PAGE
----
Today was the dreaded parent-teacher conference at Palmer’s school. I wasn’t dreading it because he’s been doing so poorly. I was dreading it because I would have to tell her what is really going on with our son.
I went in early to see if I could catch the Principal or Guidance Counselor, but since neither were available, I went and sat outside the classroom, twenty minutes early. Within just a few minutes, the teacher came out, saw me sitting there and asked if we could start early.
Um, yes. I think that would be a good idea.
Once I was signed in, she began to gush about Palmer.
“Palmer is doing AWESOME!” she exclaimed. She started to continue on, but I needed to get it off my chest.
“Um, that’s because he’s not five,” I explained. He’s actually eight.
I know the feeling.
I explained that our kids had been told to lie and why and that we had only confirmed it two weeks ago, but that we were getting a letter from Vanderbilt Childrens’ Hospital today that reflected what we believe to be a more accurate representation of their real ages.
“If all goes according to what the pediatrician wants, we will be moving Palmer to first grade shortly. We still have a few hoops to jump through.”
“Oh, I’m going to miss him. He’s been such a good student and a hard worker.”
“The good news is that even though you’re losing our son, you’re gaining our daughter!”
“Wonderful!” she exclaimed.
And then I had to explain that though she is six, she has an unspecified developmental delay that we are still investigating with chromosomal studies and other assessments. I relayed that while she will be a very delightful and happy student, she will not have the academic prowess that our older child has. We may be setting her up for failure, but we do have to give her a chance to be in a challenging academic environment. After all, she may surprise us and her delay may be more limited to just her motor skills.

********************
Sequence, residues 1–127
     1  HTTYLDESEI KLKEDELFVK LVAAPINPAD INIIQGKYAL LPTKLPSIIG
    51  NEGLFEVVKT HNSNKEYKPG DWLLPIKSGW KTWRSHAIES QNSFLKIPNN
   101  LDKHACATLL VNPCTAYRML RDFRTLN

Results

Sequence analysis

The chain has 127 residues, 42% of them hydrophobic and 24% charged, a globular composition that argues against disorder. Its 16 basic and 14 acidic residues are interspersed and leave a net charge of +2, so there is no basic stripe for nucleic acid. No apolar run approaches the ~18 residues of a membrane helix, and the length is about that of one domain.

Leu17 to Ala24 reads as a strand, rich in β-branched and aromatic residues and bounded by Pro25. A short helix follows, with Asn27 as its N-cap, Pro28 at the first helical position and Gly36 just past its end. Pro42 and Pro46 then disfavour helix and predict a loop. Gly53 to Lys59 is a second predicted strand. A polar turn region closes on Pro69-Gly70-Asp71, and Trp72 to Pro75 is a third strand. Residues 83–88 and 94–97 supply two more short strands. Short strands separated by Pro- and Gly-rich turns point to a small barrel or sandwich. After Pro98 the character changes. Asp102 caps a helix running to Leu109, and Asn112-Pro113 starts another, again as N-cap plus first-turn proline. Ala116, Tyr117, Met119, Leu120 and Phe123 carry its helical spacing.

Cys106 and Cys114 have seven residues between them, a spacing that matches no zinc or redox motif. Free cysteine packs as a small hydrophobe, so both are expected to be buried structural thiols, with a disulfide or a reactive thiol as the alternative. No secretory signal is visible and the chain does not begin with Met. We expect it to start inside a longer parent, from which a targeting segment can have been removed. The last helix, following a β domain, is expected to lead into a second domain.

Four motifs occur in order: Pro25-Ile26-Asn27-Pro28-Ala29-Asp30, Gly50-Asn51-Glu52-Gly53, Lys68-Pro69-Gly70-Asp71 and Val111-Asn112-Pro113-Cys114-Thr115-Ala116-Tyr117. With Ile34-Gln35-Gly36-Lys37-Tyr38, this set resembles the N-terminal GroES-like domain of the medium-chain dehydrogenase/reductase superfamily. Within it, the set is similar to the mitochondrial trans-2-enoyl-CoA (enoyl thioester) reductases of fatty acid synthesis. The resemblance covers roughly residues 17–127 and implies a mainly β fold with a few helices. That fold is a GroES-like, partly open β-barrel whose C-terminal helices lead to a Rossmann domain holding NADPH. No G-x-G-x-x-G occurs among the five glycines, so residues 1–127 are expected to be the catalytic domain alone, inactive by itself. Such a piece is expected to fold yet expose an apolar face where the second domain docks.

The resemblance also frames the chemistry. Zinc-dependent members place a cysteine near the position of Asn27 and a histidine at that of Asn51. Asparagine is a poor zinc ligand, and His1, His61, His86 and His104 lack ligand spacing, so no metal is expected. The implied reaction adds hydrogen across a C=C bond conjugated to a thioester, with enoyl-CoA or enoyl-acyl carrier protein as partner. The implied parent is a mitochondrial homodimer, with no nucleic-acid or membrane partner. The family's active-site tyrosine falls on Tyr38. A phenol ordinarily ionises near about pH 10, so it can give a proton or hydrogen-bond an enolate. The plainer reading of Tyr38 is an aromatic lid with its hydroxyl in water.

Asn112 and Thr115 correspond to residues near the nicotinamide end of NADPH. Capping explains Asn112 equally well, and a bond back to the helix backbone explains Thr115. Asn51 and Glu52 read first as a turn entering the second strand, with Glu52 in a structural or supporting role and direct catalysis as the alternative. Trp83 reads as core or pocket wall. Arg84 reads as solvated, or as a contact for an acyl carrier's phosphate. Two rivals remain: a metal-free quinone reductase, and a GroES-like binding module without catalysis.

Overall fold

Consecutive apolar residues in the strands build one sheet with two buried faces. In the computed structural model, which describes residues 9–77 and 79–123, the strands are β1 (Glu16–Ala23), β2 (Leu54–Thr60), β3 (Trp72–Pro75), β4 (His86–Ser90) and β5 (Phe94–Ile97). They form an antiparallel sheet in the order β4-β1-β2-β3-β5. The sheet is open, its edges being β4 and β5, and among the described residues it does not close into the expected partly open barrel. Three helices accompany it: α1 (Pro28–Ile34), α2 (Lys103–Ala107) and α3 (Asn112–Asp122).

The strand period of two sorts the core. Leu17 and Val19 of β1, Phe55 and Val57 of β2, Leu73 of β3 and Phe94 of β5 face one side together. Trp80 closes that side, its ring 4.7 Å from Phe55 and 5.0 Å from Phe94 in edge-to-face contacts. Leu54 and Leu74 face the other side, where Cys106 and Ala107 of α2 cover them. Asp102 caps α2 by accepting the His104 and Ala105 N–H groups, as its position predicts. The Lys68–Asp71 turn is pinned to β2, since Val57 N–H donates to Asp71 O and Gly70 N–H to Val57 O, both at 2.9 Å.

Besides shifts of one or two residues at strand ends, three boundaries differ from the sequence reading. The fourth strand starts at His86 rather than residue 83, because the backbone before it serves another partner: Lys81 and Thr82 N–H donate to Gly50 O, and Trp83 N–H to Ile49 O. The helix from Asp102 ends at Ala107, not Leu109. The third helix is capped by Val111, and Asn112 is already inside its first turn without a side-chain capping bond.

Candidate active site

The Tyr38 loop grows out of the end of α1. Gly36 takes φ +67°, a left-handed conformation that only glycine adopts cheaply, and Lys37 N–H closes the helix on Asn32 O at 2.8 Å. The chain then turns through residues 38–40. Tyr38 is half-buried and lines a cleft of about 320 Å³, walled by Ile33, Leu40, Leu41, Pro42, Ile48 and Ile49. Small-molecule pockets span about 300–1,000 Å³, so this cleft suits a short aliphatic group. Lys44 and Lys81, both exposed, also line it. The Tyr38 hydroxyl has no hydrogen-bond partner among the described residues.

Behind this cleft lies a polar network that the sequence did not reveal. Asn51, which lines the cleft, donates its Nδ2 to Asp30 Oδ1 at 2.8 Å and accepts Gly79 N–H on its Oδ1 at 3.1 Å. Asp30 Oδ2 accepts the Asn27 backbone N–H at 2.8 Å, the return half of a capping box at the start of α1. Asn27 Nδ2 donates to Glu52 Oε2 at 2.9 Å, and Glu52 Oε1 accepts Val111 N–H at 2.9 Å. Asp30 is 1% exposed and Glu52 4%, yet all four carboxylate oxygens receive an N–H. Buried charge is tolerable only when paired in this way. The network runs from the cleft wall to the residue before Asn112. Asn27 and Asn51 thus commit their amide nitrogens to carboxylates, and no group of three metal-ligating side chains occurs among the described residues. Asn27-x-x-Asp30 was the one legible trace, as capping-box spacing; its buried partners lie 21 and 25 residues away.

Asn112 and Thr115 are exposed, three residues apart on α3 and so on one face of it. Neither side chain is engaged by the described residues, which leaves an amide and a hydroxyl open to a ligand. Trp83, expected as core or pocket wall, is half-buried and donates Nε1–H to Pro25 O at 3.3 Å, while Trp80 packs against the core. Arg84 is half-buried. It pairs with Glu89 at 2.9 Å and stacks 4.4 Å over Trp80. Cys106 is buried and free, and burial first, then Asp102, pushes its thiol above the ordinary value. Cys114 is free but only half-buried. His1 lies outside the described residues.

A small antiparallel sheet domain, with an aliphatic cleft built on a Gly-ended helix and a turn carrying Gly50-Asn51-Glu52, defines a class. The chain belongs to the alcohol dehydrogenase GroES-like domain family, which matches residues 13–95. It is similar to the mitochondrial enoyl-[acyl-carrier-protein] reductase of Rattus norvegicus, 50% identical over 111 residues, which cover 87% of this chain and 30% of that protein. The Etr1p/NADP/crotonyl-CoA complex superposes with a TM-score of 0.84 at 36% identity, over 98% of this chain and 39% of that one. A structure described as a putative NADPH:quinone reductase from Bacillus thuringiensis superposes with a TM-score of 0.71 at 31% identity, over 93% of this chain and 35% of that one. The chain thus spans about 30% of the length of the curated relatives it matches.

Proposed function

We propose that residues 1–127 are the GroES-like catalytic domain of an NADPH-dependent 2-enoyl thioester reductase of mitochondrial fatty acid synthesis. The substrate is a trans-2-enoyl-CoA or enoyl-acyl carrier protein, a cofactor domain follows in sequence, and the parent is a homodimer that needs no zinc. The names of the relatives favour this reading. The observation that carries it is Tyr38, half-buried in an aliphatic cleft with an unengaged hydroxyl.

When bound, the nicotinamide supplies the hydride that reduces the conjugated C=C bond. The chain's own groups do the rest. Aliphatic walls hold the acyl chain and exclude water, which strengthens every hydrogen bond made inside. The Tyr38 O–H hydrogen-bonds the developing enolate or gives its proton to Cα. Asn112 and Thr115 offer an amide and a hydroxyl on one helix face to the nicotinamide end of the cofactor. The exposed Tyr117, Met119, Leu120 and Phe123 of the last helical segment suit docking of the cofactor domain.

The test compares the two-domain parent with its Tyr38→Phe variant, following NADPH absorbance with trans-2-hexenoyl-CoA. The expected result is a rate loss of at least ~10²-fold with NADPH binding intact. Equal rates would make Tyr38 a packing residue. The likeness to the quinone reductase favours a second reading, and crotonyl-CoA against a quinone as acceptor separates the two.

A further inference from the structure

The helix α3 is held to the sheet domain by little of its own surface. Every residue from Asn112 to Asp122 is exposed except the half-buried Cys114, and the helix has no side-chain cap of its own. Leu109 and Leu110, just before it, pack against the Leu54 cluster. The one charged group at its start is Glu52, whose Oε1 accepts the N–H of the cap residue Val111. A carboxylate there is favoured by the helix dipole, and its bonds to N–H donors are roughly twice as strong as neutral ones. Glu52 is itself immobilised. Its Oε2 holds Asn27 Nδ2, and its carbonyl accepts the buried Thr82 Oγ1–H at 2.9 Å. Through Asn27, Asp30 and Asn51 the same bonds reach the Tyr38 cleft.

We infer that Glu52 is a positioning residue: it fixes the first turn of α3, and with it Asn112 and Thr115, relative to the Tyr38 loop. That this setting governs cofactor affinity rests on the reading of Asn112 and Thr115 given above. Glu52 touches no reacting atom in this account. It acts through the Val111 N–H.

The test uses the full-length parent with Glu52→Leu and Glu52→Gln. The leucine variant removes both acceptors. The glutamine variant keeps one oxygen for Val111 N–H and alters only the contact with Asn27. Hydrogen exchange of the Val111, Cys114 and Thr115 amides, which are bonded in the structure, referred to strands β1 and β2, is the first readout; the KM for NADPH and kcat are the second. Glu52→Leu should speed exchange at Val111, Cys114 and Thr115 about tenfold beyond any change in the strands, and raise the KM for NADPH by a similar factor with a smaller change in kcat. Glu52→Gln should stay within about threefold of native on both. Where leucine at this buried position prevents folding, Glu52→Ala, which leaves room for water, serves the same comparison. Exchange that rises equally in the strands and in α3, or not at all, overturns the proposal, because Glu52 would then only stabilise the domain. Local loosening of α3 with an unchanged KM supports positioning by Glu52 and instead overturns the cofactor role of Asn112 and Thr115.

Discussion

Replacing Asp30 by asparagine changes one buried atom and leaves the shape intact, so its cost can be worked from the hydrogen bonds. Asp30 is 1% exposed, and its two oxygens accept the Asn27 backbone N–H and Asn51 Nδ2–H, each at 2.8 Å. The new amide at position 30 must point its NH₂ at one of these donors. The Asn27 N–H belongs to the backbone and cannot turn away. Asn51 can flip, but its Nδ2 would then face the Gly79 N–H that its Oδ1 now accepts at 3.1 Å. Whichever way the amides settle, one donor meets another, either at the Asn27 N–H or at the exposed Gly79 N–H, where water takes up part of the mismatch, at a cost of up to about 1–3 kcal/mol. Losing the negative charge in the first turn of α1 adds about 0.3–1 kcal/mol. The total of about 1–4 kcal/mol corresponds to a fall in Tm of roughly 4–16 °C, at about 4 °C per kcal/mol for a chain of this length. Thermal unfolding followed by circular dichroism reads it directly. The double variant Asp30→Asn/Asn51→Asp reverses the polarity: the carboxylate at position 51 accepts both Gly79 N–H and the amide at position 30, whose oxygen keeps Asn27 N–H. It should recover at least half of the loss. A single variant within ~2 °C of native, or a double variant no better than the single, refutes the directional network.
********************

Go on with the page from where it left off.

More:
We bounced ideas back and forth for the next hour. Palmer has completed nearly all the goals for Kindergarten after only being in school for a month. Though he’ll have a tough time in first grade, to be sure, he will still be in an English learner’s classroom. With his academic ability and interest, we both have high hopes for him.
We also hope that once Addie is placed with five and six-year olds, she’ll start behaving more like a five or six-year-old rather than the three-year olds she has been in class with. As much as we have loved the preschool where she has been and would recommend it to anyone without hesitation, she needs to be in an age-appropriate classroom.
After the hour-long conversation, I went to hunt down the Guidance Counselor and/or Principal. The Principal wasn’t available, but I talked with the Guidance Counselor for twenty minutes about both of our kids. She knows Palmer, but Addie is new to her. She agreed that moving Palmer to the first grade would be a good step, even though a big one, to get him closer to his age group, but she couldn’t give us permission. It has to come from the Principal. There was even some talk of moving him to the second grade, but the Guidance Counselor and his teacher and I all agreed that for a child that speaks almost no English but is already enjoying academic success, it may be too much. I’ll have to call and schedule an appointment with the Principal.
In the midst of my conversation with the Guidance Counselor, she stopped me and said, “How are you doing? This is a lot!” I told her the truth — that beyond just the issues with our kids, my boss was diagnosed with a brain tumor a week ago, suddenly retired, and we have our four-year accreditation in 3 weeks. I have pretty much returned to work full-time, even though I’m still carting Addie to the doctor every other day. I just have to work into late into the evenings.
I am tired.
Back to reality.
On arriving home, I called the Lead Coordinator at the English Learners Office to update him and he confirmed that indeed there was precedence for allowing medical documentation to trump birth certificates (since we can’t legally change our kids’ certificates because of anti-terrorism laws). He also has already contacted the student services offices about testing a non-English speaking child for special needs. One step closer.
Our final step will be getting the Principal’s permission, but it looks like Palmer will be headed to first grade, and Addie to Kindergarten shortly. Very shortly.
I received the letters from our adoption physician officially declaring our childrens’ new ages. It’s now done. The lie has been abolished and we live in a new reality.
And THEN, I went to work.